Art & Photography

Derek Jarman: Pandemonium Exhibition

Curator Professor Mark Turner on the British artist’s love of London’s riverbank, and what he’d make of gay-politics 20 years after his death


This year marks the 20th anniversary of influential British artist and film maker Derek Jarman’s death. As part of an encompassing programme celebrating his contributions and talents as an artist, King’s Cultural Institute open Derek Jarman: Pandemonium on Thursday 23 January.

Focusing on his time living and working in warehouses at Bankside and Butler’s Wharf, the immersive exhibition explores Jarman’s link to the city, including a look at his personal sketchbooks and Super 8 films he made around the riverbank during the 70s. Betty Wood spoke with the exhibition’s curator, Mark Turner, Professor of English at King’s to find out more.


Tell us about the focus of the exhibition: what did this stretch of land mean to Derek Jarman?

Mark: Derek lived along the river pretty much all of his life. He moved into his first warehouse in 1970, and was there for 10 years. Fabulous buildings like Butler’s wharf, which are now really expensive flats, were disused buildings which artists gradually came to occupy and Derek and some of his friends were among the first to arrive on the river. At that time, in the early 70s, he began to create films with his Super 8 camera. The Super 8 was  cheap and portable, and he used it to shoot the world around him. He’d use the sites of the warehouses – the empty spaces and streets around the warehouses – as his film set; he’s get a set of people together, get them into costumes and film. So the place where he’s living, his live/work studio, also became the material of his films.

You see a really close connection between the city and the work that he’s producing. Derek was a student here at King’s; he wandered around London and loved the landscape – he had this encyclopaedic knowledge of its architectural history etc. He was a real Londoner.


20 years on from Jarman’s death, he’s coming into a new academic relevance. What is it about his work that resonates with a contemporary audience?

There are many reasons why Derek continues to be relevant: he’s relevant to queer artists and cultural practitioners because of his activism and because of his heroism during the 80s AIDS epidemic. His legacy lives on through that. But he’s also important for a whole kind of new generation of film makers, partly for the reason that he worked outside of the system, to put it broadly..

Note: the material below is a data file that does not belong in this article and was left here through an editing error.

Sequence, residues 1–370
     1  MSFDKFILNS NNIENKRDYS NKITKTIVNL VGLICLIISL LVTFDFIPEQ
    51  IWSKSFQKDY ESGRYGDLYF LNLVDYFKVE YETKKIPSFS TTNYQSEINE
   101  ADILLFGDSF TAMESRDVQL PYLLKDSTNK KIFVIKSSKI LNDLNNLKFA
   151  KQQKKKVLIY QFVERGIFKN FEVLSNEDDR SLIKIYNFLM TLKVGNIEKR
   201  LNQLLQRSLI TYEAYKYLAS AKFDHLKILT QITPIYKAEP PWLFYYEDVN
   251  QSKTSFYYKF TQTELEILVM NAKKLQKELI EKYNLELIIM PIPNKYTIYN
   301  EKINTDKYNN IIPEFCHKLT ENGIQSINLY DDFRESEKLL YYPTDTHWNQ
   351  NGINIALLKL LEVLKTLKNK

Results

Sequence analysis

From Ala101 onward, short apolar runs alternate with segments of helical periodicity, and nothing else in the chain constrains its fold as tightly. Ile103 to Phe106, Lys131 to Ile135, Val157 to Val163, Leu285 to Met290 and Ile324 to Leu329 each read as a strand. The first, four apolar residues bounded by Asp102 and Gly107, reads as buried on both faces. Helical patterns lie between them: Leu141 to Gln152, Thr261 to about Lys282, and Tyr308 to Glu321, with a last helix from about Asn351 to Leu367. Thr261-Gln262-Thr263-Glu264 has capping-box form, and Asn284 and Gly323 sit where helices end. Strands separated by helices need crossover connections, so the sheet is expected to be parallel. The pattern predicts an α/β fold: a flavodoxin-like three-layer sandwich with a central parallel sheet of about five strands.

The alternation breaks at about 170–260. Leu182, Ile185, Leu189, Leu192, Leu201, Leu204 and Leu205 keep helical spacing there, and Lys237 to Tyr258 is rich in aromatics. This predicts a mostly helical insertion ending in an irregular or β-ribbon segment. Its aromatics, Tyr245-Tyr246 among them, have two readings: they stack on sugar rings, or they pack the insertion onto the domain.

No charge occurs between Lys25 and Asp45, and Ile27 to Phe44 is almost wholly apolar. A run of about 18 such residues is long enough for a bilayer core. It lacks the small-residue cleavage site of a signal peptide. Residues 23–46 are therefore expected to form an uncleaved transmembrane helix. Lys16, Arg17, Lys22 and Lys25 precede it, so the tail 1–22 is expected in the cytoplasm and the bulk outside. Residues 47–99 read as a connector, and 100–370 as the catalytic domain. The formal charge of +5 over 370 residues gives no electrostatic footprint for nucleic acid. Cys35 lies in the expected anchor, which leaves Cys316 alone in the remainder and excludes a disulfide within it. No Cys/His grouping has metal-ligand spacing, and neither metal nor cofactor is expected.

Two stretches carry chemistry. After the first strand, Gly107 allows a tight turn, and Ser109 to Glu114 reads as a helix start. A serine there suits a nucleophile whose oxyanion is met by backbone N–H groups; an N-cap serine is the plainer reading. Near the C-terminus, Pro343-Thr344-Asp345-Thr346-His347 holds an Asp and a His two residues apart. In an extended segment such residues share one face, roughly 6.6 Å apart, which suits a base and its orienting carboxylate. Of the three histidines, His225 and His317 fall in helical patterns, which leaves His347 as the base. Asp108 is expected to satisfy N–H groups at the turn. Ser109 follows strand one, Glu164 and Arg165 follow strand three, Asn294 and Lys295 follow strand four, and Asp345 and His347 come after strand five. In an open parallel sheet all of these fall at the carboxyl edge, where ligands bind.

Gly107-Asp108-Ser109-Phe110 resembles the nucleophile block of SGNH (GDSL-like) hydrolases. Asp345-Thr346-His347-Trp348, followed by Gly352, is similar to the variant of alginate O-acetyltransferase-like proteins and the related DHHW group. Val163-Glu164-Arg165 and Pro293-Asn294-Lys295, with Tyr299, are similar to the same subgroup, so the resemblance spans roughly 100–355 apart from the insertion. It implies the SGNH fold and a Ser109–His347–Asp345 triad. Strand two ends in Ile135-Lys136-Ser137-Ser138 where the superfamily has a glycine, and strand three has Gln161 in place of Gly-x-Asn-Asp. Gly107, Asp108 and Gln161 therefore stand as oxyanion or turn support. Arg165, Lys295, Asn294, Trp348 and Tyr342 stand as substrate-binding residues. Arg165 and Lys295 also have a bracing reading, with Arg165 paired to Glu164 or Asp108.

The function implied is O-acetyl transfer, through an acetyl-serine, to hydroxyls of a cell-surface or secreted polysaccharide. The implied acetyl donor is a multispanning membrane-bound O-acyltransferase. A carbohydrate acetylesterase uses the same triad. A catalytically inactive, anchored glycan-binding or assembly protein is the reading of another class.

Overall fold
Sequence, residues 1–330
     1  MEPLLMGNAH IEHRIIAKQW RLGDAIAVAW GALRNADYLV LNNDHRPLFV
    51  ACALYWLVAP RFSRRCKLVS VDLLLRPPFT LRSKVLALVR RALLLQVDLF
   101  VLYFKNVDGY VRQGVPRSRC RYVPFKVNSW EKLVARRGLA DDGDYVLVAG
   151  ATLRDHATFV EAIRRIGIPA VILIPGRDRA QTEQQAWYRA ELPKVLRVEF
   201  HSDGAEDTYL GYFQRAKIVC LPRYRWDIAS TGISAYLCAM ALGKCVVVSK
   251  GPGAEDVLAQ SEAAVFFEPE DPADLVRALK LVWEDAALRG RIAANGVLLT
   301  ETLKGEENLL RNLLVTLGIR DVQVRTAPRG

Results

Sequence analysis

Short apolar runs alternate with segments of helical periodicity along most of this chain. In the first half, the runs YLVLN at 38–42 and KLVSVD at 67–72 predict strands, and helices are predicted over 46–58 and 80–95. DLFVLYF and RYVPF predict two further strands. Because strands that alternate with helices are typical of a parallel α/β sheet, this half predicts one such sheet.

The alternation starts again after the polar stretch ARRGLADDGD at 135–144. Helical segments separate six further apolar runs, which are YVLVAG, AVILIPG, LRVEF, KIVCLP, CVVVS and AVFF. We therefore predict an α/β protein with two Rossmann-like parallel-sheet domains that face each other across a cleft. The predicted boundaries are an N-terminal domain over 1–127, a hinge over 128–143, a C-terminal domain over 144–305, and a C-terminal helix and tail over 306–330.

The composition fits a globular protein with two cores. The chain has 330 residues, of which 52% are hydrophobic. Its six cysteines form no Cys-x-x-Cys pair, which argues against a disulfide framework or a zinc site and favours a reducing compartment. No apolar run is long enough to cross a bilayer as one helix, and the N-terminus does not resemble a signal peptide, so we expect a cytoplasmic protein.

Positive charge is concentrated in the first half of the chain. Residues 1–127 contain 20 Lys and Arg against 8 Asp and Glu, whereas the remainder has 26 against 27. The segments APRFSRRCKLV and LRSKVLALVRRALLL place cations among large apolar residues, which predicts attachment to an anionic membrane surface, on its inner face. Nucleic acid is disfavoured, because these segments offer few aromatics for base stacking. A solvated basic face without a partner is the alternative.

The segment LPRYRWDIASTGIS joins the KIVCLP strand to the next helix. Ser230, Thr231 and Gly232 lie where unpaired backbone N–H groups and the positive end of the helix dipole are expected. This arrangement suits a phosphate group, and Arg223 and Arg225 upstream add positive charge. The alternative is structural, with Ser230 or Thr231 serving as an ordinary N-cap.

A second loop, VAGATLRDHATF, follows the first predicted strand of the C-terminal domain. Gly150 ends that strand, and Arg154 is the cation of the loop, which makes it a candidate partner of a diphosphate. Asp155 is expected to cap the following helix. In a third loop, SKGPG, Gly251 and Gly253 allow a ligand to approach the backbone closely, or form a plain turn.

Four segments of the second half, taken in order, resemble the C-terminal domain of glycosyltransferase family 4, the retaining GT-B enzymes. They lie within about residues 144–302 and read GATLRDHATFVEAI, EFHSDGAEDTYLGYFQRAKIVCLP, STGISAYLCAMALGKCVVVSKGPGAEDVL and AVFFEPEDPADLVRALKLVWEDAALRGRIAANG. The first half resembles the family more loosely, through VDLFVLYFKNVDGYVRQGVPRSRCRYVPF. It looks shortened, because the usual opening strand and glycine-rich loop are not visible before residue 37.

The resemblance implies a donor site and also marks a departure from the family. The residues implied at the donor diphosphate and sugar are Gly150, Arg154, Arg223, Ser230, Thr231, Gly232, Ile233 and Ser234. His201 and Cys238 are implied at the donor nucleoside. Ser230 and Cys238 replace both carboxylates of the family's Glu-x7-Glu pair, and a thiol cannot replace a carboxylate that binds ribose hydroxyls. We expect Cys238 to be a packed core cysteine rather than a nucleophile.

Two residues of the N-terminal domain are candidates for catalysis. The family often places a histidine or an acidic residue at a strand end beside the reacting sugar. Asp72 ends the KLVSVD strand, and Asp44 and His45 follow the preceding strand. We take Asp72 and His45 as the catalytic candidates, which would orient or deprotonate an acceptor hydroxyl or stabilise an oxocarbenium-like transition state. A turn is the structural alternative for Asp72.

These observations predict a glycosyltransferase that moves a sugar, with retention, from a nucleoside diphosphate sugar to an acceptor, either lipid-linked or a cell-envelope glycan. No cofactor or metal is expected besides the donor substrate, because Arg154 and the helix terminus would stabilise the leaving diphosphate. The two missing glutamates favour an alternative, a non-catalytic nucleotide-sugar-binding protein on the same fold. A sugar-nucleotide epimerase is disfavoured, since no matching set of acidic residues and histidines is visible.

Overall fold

“One of things Derek talks about in his diaries is “hetero soc”, which is his short hand for ‘normalising, heterosexual led society’. And when he uses that term, it’s never a good thing!”

Mark cont’d What’s happened with the commercial art world since the 70s and 80s when he was working – the intense commercialisation of studio film making, of commercial galleries – he was before the worst of that. He was always wary of big institutions; he was never part of an inner circle. He was always an outsider, and I think that’s appealing to a lot of artists now.

There’s enormous pressure within the commercial art scene and it’s dominated by huge galleries and huge productions. The fact that someone like Derek could make a film really, really cheaply, whilst retaining an enormous amount of integrity doing it appeals to a certain kind of artist now.


A huge part of Derek’s legacy is how tirelessly he campaigned for gay rights: what do you think he would make of the UK in 2014, now gay marriage and civil partnerships have been passed into law?

I think he’d probably be bemused by it. I talk about this with my students a lot. One of things Derek talks about in his diaries is “hetero soc”, which is his short hand for ‘normalising, heterosexual led society’. And when he uses that term, it’s never a good thing! It’s a structure that is basically too connected to the state and I think he would have bittersweet feelings about things like gay marriage, (which is so tied to the state).


On the one hand, there’s a kind of acceptance, and on the other, the question he’d be asking is What are you being accepted into? You know, what’s the bargaining that they’ve had with the state? There’s equality, and there’s Equal to what? I think he’d still have quite serious political questions about sexuality aligning itself with the government. And I think he’d still be really queer rather than gay, if you understand what I mean!

Derek Jarman: Pandemonium opens Thursday 23 January at King’s Cultural Institute, Inigo Rooms, Somerset House East Wing and runs until 9 March 2014. Click for a full programme of events. Derek Jarman’s Sketchbooks, edited by Stephen Farthing and Ed Webb-Ingall out 9 September, Thames Hudson